By looking at the dashed blue lines overlay with thick faded blue lines, can we say these are Class D airspace and Class E airspace above 1200' AGL?
Overall: Turkey system may be specific
Turkey is not integrated in the Single European Sky. The harmonization and simplification of airspace classification going on in many European countries is not applicable to Turkey, so we are in a kind of specific case which requires more research effort to understand it. See this Eurocontrol report.
From the documentation I happen to read, the Turkish airspace system is seemingly as efficient as another and, for instance, is more efficient in releasing military areas (SUA) to civil use when possible.
I wasn't able to find any description. If you can register to the Turkey AIP, you should have access to the relevant data.
Additional information from ICAO GIS Viewer
The same area than the one in the question in the ICAO viewer. I have selected different layers (a bit of learning would be needed to understand all of them), and highlighted data for three areas:
I selected only the lower space, else the viewer display is really cluttered because the developers haven't done a great job in managing label locations. The areas are:
- Yellow: ANKARA ACC SCTR 8 LOWER. GND to FL325.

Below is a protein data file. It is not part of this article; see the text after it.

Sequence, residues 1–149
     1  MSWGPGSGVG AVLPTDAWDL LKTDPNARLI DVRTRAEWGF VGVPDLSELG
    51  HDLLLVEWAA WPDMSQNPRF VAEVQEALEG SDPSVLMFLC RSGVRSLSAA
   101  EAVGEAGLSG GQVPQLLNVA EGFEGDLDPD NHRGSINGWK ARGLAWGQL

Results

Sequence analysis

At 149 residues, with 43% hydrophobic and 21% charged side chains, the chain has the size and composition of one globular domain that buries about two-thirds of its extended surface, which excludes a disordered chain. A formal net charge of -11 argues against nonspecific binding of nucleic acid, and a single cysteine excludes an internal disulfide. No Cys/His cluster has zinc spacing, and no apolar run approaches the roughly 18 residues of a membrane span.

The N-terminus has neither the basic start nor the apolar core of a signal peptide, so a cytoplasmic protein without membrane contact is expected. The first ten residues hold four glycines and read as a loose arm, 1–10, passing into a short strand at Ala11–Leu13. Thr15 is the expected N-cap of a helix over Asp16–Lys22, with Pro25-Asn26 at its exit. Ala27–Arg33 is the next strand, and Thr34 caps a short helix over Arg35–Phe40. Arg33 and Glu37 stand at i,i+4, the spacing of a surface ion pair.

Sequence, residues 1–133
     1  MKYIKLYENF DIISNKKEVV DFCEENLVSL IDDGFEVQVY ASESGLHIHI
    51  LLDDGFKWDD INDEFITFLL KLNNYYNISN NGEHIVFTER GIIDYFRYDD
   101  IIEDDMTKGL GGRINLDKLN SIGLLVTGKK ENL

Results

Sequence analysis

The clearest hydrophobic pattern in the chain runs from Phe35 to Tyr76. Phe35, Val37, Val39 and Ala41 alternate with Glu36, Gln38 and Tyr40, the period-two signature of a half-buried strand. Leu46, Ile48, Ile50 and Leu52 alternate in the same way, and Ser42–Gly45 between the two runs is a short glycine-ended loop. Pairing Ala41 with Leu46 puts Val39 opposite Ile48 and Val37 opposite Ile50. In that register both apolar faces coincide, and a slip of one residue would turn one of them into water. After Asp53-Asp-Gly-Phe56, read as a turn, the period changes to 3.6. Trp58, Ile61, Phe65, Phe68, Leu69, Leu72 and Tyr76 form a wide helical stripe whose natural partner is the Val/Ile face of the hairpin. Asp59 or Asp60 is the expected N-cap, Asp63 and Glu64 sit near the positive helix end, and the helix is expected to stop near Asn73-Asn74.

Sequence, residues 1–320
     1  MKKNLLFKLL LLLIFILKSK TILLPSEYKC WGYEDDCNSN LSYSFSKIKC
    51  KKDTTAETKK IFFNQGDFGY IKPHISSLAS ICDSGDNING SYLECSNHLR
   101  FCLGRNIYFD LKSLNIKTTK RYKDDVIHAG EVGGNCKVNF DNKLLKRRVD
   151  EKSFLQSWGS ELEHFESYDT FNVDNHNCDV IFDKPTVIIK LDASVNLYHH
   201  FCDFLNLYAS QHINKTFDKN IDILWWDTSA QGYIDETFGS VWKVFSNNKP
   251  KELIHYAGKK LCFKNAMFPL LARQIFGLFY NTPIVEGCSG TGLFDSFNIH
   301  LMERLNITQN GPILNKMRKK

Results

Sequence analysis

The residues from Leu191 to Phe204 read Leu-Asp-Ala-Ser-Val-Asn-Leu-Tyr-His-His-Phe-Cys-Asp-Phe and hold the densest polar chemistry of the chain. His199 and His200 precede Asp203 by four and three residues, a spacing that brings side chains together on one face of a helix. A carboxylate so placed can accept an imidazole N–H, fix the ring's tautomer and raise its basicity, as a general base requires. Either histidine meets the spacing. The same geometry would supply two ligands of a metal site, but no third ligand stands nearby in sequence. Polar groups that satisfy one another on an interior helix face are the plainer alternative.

- Blue: ESENBOGA CTLZ. SFC to 4,500 AMSL
- Green: AKINCI CTLZ. SFC to 12,000 AMSL
You can click on an area and a list of descriptions is displayed. You can browse this list with the arrows on the popup title bar (multiple areas may be relevant for the point you clicked). For AKINCI CTLZ:
Which class of airspace are they? Which rules are associated with them? I've really no idea and the legend in the viewer doesn't help:
Special use airspace (SUA)
I think it's still reasonable to interpret for non-professional purposes the area names this way (LT being the ICAO prefix for Turkey):
- LTD: Danger (e.g. LDT-20)
- LTR: Restricted or Regulated (e.g. LTR-30)
- LTP: Prohibited (e.g. LTP-0097)
- LTM: Military (e.g. LTM-LTANKZ1).
So these are SUA.
Documents that may be interesting
- ATC Prosedür ve Operasyonları Kılavuzu from IVAO Turkey.
Get additional help
You may also want to look at PPRuNE which is a discussion board for pilots. You'll find pilots flying in/to Turkey, and they may provide you more information.
The numbers are probably in hundreds of meters. So 120/SFC would be surface to 12,000 meters.
Turkey does not have the kind of airspace classification that we do in the United States. The dashed blue lines probably just mean that it is controlled airspace. You can see that there are frequencies listed. So, what that means, is that you have to call on those frequencies to get clearance to enter those areas.